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Udall: Data Highlights How Affordable Care Act is Saving Seniors Money on Prescription Drugs, Preventive Services

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Mark Udall said new data out today from the U.S. Department of Health and Human Services shows how the Affordable Care Act has saved 19,718 Colorado senior citizens and disabled persons on Medicare an average of $608 each on prescription drug costs during the first eight months of 2012. The savings are the result of the Affordable Care Act's provisions aimed at closing the so-called "donut hole" gap in drug coverage.

"This report underlines what thousands of Coloradans have already experienced with their wallets: The Affordable Care Act is lowering the cost of prescription drugs and preventive services for senior citizens and those who rely on Medicare," Udall said. "Rising health care costs place strains on seniors who often live on fixed incomes. Every dollar the Affordable Care Act saves them is a dollar they can reinvest in themselves and their families."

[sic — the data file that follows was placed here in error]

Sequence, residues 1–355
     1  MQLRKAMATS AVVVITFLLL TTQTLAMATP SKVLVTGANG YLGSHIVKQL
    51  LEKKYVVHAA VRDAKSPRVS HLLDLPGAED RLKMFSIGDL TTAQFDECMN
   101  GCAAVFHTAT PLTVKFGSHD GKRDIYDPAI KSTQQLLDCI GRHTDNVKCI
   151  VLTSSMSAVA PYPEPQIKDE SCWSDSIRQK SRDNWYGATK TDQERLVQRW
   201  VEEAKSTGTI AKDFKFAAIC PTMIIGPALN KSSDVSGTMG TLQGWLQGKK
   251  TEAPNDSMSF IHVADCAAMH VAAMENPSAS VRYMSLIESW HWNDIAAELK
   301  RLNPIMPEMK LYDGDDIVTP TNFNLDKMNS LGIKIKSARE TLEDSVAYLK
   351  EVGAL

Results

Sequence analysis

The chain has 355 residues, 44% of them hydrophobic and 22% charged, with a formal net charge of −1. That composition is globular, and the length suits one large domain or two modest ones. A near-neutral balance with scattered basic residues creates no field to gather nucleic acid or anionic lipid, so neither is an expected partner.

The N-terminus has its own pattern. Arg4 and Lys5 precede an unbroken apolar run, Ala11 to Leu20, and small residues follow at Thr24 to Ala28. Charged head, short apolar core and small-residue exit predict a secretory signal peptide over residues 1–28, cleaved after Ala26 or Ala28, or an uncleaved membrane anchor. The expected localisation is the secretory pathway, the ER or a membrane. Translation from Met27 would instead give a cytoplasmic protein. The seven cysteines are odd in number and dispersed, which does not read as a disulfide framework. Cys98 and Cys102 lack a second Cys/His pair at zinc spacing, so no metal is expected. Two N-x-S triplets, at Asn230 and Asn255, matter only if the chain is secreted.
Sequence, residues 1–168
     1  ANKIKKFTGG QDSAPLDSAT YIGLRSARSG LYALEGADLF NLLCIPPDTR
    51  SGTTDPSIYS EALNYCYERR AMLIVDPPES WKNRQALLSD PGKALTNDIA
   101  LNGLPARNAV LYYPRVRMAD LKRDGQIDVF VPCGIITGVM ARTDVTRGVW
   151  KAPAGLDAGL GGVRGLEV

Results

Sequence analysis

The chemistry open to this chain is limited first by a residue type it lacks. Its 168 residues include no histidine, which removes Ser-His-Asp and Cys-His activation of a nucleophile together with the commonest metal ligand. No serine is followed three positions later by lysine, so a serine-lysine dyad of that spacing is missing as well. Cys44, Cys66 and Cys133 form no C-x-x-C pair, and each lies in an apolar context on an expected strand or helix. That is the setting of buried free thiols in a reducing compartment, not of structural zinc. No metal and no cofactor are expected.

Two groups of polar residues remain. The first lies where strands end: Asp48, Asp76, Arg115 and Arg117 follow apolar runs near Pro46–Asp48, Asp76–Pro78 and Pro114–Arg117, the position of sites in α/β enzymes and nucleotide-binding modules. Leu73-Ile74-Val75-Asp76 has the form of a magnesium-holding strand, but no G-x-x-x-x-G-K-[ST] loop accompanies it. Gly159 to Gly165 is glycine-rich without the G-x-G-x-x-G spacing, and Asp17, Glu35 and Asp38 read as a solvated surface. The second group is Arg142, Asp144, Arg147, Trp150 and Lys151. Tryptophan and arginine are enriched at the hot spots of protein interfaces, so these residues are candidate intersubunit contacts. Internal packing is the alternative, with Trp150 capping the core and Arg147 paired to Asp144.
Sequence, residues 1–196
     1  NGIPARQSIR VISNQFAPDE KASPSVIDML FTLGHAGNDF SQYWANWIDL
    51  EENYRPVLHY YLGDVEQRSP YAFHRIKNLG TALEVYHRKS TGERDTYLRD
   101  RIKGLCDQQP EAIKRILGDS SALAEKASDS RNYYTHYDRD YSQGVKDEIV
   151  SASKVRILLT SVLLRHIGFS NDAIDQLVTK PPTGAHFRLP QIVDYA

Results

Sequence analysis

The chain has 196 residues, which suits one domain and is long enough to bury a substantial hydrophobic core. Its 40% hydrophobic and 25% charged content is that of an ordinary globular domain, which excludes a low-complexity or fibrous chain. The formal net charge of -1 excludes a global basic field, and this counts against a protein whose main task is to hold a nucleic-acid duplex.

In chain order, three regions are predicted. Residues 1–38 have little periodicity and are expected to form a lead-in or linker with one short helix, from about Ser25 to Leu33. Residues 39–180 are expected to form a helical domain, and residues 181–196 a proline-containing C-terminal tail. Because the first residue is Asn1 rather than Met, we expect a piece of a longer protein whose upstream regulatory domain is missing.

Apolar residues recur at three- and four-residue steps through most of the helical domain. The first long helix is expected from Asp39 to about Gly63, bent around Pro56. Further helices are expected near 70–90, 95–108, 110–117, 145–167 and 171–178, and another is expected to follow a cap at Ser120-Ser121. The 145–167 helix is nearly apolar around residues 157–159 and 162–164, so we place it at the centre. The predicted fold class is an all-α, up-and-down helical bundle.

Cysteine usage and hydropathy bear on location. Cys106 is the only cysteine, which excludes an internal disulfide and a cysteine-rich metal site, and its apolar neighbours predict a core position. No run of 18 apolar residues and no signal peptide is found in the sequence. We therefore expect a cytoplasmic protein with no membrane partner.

The report shows that, nationally, more than 5.5 million senior citizens and people with disabilities have saved nearly $4.5 billion on prescription drugs as a result of the Affordable Care Act. The data also showed that during the first eight months of 2012, over 19 million people with Original Medicare received at least one preventive service at no cost to them.

Udall has been a vocal supporter of the ACA as a tool to expand health coverage for thousands of Coloradans. He recently hailed a study showing how the law has saved Coloradans from unjustified health insurance rate hikes and a study showing how the law has saved Coloradans $43.8 million in prescription drug costs since 2010 and more than $8.7 million since the start of 2012. Earlier this summer, Udall announced expanded health care services for women, and heralded the U.S. Supreme Court's decision to affirm the health care law's constitutionality.


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